With all of the high-octane, supercharged, turbocharged, nitrous-fogged, multi-port fuel injected, and methanol-fed project vehicles here at powerTV, there is little to appeal to the bare bones, keep-it-simple-stupid bad ass muscle car enthusiasts. No line-locks, trans brakes, or electronic rev limiters. Just a heavy breathin’ carburetor or two topping a big cube plant with a lumpy solid mechanical-lifter cam, a hard-snapping automatic, and backed with a stout no-nonsense low-gear rear.
We love these muscle cars. These were the cars that got us into street machines. You know, that one clean-lookin’ 10-second street car that drives itself to the burger stand as much as the drags. A real driver. Gloriously low-tech. Old school. Simple good ol’ fashioned muscle. These cars didn’t need all that stuff when they were shattering records 40 years ago, why should they now?
For 2011, we wanted something simple. Something unapologetic. Something brutish. Something raw. And most importantly, something that wasn’t a Camaro, Nova or Mustang.
Arguably, there is no car more recognized, more iconic and more stylistically representative of the muscle car era than the 1969 Dodge Charger. In fact, the second generation Charger – second only to the original Ford Mustang – is the automobile most identified as being a “muscle car” in broad polling. You read that right, even more so than the 1969 Chevrolet Camaro. Suck on that, Bowtie guys.
This example of iconic Detroit muscle, Street Legal TV’s 2011 project 1969 Dodge Charger – titled Killer Kong – will join the ranks of Project Swinger, our LSA-powered Pro Touring ’71 Nova, which is still “under construction.”
Yet, unlike Swinger, ‘Kong is nearly already done, meaning we can jump right into getting this Charger on the road while retroactively going back and showing you all the work that went into the metal work, fabrication, paint and body while simultaneously dropping in the motor and finishing the interior; because who wants to wait around for paint to dry?
Killer Kong’s mission is to not only show how building something a little more ”exotic” can be done affordably and cool, but to run all the stuff that made Mopars legendary; namely a fire-breathing 650-plus-horsepower dual-quad HEMI, a 727 TorqueFlite transmission, and a stout Dana 60 and run it all on the street.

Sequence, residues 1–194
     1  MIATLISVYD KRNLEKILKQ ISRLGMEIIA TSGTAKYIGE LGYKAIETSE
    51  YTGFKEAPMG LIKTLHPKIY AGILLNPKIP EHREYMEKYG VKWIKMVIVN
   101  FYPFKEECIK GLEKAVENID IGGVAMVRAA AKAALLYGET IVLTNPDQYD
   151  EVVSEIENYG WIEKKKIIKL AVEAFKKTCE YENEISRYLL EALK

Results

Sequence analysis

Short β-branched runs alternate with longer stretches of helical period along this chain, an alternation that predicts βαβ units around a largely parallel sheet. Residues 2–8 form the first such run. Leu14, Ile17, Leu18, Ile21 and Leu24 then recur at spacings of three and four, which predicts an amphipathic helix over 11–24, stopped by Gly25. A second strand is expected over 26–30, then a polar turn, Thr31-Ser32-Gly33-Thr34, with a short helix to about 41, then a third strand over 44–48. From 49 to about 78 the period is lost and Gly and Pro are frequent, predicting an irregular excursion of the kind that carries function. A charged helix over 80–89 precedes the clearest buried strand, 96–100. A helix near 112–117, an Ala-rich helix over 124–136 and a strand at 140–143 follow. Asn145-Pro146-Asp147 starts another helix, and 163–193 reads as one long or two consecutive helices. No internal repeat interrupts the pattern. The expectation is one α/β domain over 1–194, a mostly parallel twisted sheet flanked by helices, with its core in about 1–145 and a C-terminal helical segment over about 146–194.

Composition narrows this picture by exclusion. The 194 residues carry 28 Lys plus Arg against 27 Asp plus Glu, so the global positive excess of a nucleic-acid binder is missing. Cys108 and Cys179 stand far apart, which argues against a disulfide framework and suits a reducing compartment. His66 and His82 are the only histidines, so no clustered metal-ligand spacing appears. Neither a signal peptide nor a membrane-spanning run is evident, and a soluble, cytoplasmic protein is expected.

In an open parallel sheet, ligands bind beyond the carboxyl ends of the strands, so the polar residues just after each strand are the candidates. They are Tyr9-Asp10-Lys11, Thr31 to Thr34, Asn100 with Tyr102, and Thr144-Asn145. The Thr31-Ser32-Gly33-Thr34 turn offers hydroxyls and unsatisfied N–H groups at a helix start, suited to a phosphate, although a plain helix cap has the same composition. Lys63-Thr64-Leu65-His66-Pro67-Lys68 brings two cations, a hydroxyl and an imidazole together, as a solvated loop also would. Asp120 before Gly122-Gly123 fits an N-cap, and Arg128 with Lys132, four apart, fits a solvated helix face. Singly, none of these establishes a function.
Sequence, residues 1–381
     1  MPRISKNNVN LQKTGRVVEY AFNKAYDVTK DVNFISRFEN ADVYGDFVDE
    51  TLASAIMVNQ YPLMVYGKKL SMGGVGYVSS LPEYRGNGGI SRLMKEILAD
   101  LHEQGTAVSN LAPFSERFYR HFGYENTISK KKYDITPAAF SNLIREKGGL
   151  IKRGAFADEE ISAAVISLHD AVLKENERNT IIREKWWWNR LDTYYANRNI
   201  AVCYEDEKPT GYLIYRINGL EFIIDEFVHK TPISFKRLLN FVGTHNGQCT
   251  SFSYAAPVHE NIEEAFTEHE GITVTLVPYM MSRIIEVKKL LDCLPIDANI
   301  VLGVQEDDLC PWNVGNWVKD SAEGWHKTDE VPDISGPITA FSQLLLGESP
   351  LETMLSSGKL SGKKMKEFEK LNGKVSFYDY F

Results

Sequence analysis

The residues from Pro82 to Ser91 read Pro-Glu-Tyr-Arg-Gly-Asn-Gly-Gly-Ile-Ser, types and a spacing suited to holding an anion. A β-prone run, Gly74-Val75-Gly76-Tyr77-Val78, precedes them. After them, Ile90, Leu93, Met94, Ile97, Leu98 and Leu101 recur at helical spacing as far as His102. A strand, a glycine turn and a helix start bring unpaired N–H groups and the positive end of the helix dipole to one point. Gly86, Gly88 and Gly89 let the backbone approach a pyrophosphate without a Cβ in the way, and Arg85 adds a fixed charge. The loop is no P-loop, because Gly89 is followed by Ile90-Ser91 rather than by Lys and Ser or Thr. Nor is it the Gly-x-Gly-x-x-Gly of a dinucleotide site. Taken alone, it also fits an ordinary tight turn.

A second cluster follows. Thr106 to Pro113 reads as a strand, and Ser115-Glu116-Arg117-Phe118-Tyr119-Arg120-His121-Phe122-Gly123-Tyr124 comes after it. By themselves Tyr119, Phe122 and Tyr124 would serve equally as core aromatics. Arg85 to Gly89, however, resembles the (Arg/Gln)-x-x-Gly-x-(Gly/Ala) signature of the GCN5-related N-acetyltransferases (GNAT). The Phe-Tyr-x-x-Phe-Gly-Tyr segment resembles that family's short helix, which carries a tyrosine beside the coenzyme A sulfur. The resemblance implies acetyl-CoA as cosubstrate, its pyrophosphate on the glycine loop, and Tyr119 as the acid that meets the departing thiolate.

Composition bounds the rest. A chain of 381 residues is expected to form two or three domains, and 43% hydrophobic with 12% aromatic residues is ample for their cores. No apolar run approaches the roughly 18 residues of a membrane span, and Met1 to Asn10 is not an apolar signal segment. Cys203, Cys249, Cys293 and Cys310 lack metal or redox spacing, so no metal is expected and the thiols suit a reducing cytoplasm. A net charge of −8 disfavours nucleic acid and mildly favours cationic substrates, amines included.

This Charger will answer whether a ’69 HEMI Charger running on pump gas 91-octane can be driven in Southern California traffic – or back-and-forth to Vegas – all with a full interior and make regular 10-second passes while driving back-and-forth from the track.
And since the majority of you, our readers, typically don’t have access to fancy lifts or rotisseries, we’ll be using work benches, jack stands, and hand-tools for the bulk of our tech, because we’re aiming at making this a budget-friendly build. A budget HEMI Charger? Yeah, it sounds a little crazy to us too.
Believe it or not, finding a good project Mopar doesn’t have to cost a mint. This Charger was landed for $2,000 and in pretty complete condition.
Built in late 1969 at the Hamtramck, Michigan plant, this Charger came with lots of show and very little go, equipped with a vinyl top, bucket seats, air conditioning, power steering, the premium interior light package, power brakes and a console-mounted floor shifter all propelled by an underwhelming two-barrel 383 making 290 horsepower, a smooth-shifting 727 TorqueFlite and a peg-leg 8 3/4 rear spinning very mild 3.23 gears.
With not enough oomph to make it an R/T and not enough doodads to qualify as an “SE” (Special Edition), this T7 Tuscan Bronze Charger was as middle-of-the-road as they got. Damaged in a front-end collision with a motorcycle in the late 1980’s, the car needed plenty of work. The grille plastic was past salvaging, the fenders and hood had been replaced, and to our best assessment, there wasn’t a square foot of straight sheetmetal on the car.